Welding of Stainless Steel and Other Joining Methods (Free PDF)


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Description
Stainless steels are iron-base alloys containing 10.5% or more chromium. They have been used for many industrial, architectural, chemical, and consumer applications for over a half century.

Reference is often made to stainless steel in the singular sense as if it were one material. Actually there are well over 100 stainless steel alloys. Three general classifications are used to identify stainless steels. They are: 1. Metallurgical Structure; 2. The AlSl numbering system: namely 200, 300, and 400 Series numbers; 3. The Unified Numbering System, which was developed by American Society for Testing Materials (ASTM) and Society of Automotive Engineers (SAE) to apply to all commercial metals and alloys.

Stainless steels are engineering materials capable of meeting a broad range of design criteria. They exhibit excellent corrosion resistance, strength at elevated temperature, toughness at cryogenic temperature, and fabrication characteristics and they are selected for a broad range of consumer, commercial, and industrial applications. They are used for the demanding requirements of chemical processing to the delicate handling of food and pharmaceuticals. They are preferred over many other materials because of their performance in even the most aggressive environments, and they are fabricated by methods common to most manufacturers.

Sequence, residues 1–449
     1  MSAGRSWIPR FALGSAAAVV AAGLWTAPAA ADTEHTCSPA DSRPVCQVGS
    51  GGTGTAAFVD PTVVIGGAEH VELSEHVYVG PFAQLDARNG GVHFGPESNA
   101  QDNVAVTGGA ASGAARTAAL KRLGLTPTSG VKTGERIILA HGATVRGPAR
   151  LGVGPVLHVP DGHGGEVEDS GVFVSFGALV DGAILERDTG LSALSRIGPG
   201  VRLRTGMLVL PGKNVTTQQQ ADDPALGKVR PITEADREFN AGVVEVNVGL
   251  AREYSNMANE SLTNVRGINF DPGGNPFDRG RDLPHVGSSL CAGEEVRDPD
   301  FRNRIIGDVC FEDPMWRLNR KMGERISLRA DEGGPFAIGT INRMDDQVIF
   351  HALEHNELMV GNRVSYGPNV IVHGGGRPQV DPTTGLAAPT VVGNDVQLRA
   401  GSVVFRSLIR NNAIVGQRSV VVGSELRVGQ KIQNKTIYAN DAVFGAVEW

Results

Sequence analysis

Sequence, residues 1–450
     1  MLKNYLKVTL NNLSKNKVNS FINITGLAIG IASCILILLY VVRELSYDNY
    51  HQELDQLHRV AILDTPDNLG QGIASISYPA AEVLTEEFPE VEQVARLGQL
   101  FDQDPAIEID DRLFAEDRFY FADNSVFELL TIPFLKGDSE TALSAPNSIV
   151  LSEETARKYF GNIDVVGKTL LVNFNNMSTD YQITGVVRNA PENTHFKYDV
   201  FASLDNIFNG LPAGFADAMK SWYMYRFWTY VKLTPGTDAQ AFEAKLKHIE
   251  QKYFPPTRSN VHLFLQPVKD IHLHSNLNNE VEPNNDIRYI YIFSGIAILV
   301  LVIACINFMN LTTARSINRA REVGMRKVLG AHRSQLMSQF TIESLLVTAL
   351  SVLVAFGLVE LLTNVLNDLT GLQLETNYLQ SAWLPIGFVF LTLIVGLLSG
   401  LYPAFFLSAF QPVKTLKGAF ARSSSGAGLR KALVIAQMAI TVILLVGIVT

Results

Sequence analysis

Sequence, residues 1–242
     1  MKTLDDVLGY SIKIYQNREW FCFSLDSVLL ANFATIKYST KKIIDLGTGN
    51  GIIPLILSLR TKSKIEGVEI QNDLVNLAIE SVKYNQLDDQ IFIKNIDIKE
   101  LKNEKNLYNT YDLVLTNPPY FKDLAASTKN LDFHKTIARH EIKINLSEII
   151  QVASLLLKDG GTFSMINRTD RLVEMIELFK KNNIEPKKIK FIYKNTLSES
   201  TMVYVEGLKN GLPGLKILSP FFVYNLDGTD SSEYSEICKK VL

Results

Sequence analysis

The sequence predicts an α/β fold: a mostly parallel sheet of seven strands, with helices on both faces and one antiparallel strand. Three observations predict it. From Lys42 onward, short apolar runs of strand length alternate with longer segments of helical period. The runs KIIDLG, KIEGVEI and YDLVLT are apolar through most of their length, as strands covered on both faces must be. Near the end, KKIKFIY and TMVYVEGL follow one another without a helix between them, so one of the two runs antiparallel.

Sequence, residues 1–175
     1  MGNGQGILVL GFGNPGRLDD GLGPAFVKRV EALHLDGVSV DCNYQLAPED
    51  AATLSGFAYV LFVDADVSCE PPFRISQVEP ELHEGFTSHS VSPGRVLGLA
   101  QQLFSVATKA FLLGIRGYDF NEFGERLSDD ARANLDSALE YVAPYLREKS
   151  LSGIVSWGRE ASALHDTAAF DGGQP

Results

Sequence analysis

Content:-
1. INTRODUCTION
2. STAINLESS STEEL WELDING CHARACTERISTICS
3. AUSTENITIC STAINLESS STEELS
4. MARTENSITIC STAINLESS STEELS
5. FERRITIC STAINLESS STEELS
6. PRECIPITATION HARDENING STAINLESS STEELS
7. WELD ROD SELECTION
8. WELDING PROCESSES FOR STAINLESS STEELS
9. WELDING DISSIMILAR METALS
10. USE OF CHILL BARS
11. JOINT DESIGN
12. POST/WELD CLEANING AND FINISHING
13. SOFT SOLDERING
14. BRAZING




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